This is why organisations are starting to make website accessibility one of their core digital goals.  It might entail extra work, but so, too, did the installation of ramps and escalators and the changes to interior lighting and layouts that now make buildings and office space more navigable and habitable for people affected by disabilities.

    Paying attention to people with disabilities isn’t just the right thing to do; it makes sense from an organisational perspective.

    What is website accessibility?

    Website accessibility encompasses all disabilities that affect access to the internet, including:

    • auditory
    • cognitive
    • neurological
    • physical
    • speech
    • visual

    Website accessibility also benefits people without disabilities:

    • people using mobile phones, smart watches, smart TVs, and other devices with small screens
    • older people with changing abilities due to ageing
    • people with “temporary disabilities” such as a broken arm or lost glasses
    • people with “situational limitations” such as bright sunlight or in an environment where they cannot listen to audio
    • people using a slow Internet connection

    For a 7-minute video with examples of how accessibility is essential for people with disabilities and useful for everyone in a variety of situations, see: Web accessibility perspectives (You Tube)  

    Accessibility benefits to organisations

    Improve your search engine optimisation

    The websites that Google ranks on the first page of its search results are the ones they consider to be the most relevant and useful. Google determines that by using a complex algorithm which takes into account 200+ factors.  Website accessibility and search engine optimisation (SEO) have a number of shared principles, meaning making your website more accessible is likely to improve your SEO. 

    Increase site usability

    Many accessibility requirements improve site usability for everyone. For example, providing sufficient contrast benefits people using the web on a mobile device in bright sunlight or in a dark room. Captions benefit people in noisy and in quiet environments. Some people have age-related functional limitations, and may not identify these as a “disability”. Accessibility addresses these situations too.

    Enhance your brand

    Creating accessible web experiences helps your organisation – and your members - enhance the all-important brand experience by demonstrating a tangible and proactive focus on inclusion.  The more welcoming your site appears to be, the easier it is to navigate, the more likely your site is to reinforce your brand values.  The converse is also true - when websites aren't easily accessible some people are automatically excluded from having a positive brand experience — although they may definitely have negative ones.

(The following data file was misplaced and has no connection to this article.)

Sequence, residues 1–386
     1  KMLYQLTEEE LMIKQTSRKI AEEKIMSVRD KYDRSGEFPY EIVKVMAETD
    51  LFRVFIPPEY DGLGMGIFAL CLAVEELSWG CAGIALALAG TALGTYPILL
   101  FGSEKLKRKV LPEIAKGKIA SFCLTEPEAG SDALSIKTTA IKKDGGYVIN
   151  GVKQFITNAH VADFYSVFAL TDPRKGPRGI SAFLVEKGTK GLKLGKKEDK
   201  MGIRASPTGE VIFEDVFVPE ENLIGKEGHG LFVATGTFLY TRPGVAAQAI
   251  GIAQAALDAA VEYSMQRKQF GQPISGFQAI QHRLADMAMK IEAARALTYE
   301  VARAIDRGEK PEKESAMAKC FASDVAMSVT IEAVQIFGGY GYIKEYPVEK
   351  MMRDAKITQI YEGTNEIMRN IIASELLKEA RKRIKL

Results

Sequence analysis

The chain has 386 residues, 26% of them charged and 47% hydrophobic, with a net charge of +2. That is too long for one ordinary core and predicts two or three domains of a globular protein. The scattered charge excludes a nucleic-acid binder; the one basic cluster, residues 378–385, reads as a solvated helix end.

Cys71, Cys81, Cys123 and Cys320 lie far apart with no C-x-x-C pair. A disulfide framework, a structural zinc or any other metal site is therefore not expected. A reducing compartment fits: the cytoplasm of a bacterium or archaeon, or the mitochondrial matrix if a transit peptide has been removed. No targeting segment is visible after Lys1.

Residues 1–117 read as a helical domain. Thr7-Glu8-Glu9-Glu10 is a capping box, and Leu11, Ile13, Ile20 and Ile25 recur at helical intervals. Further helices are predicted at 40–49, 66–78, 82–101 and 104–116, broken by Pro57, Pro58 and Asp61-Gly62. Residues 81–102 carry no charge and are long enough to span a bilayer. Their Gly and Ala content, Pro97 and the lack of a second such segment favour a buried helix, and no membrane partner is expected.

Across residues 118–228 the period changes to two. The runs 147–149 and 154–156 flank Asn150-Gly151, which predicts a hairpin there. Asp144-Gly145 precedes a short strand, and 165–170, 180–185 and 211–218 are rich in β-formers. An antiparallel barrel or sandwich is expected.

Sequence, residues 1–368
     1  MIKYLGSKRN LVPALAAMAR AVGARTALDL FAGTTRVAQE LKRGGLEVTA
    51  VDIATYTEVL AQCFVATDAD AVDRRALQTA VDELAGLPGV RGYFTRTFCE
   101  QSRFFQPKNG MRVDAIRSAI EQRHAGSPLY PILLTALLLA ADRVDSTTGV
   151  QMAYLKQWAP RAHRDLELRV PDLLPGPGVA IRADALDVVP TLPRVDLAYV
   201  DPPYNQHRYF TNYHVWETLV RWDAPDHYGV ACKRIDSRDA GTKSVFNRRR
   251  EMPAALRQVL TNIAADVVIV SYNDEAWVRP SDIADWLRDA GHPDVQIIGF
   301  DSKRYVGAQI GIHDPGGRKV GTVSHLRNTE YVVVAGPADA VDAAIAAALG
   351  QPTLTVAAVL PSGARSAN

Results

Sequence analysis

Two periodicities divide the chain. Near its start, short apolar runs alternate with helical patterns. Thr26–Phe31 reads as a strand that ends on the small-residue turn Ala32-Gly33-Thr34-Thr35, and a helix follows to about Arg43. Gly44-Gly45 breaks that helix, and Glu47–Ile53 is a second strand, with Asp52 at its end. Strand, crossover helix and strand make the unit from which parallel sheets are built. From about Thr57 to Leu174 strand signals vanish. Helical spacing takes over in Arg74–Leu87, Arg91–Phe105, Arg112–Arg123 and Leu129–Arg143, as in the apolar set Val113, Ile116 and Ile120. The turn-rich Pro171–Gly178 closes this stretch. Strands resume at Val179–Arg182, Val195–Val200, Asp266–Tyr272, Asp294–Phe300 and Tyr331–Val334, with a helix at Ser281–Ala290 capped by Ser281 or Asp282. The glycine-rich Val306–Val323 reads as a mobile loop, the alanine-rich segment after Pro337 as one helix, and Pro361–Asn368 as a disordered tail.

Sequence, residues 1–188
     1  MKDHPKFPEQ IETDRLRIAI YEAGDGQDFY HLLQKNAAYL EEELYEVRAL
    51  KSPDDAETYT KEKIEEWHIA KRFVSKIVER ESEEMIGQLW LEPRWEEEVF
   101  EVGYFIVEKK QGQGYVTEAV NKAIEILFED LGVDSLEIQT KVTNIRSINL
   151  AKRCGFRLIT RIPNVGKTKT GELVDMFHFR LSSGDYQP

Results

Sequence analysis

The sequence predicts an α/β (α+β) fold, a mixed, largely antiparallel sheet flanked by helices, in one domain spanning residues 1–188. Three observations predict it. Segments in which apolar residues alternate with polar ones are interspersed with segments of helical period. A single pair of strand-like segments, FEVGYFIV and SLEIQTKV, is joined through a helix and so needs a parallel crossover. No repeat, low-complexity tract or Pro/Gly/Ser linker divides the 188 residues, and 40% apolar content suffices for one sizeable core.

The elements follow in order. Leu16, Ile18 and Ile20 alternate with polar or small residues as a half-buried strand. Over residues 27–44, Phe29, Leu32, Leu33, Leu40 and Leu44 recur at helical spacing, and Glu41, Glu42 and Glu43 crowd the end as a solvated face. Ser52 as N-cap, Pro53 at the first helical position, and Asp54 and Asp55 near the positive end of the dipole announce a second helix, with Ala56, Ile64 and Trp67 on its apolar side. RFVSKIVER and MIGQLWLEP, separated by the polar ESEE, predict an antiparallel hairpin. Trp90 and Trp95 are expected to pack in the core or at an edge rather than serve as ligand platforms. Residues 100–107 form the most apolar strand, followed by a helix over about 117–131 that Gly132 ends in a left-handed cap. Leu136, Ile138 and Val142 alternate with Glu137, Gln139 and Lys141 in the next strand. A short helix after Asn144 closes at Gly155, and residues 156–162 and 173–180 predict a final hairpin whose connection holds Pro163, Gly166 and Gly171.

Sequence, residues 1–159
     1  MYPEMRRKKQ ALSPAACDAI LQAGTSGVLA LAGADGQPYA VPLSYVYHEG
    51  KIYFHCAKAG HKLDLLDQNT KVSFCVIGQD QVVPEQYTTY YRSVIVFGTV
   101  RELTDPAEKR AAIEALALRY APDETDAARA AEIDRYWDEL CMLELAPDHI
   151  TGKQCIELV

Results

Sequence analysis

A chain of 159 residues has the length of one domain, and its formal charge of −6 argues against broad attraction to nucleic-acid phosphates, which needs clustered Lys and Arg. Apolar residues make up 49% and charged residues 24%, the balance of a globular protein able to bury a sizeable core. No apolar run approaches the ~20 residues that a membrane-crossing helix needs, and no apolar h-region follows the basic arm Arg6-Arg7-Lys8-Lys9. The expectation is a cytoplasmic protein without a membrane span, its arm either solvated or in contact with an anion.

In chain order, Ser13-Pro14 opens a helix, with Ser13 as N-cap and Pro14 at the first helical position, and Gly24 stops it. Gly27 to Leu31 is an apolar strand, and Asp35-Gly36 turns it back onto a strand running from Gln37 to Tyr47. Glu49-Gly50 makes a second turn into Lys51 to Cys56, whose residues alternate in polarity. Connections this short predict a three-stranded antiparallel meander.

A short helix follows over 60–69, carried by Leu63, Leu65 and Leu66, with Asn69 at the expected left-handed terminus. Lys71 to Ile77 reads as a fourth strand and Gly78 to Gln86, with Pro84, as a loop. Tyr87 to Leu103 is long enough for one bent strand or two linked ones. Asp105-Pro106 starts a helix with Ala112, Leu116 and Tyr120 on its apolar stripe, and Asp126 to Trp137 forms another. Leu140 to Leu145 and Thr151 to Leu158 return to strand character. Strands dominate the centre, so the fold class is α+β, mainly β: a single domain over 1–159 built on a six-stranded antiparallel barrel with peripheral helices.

Accessibility creates more opportunities for brand advocates 

    When people have ongoing positive interactions with your organisation they become more loyal to your brand. When they feel the service or treatment they received could benefit people they know, they're going to make recommendations to them.  Something for you and your member organisations to think about.

    Accessibility demonstrates social responsibility

    Consumers have no shortage of options. People are increasingly choosing to support brands that share their values. As web accessibility continues to become mainstream, those values for many include the inclusivity and accessibility of products and services. If you've committed to accessibility, you should let people know.  Social media, press releases, blogs posts, and emails are all ways you could get your message in front of interested, like-minded people.


    Incorporating accessibility into your brand

    There are robust guidelines around website accessibility and The PR Company would be delighted to review your site and provide detailed advice and recommendations about how your accessibility ratings can be improved.

    Remember, around a quarter of us are disabled in some way but that doesn’t mean disabled people don’t surf the net or want to engage with brands.  Which brands they choose to engage with can be determined by which websites they can access easily.

    Let’s work together to make it as easy for them as possible.   To learn more contact us.

  • 23 Sep 2020 11:28 AM | Abby Fields (Administrator)

    In the final instalment of our series on the hybrid workplace, we look at establishing flexible policies that will allow both remote and in-office workers to thrive.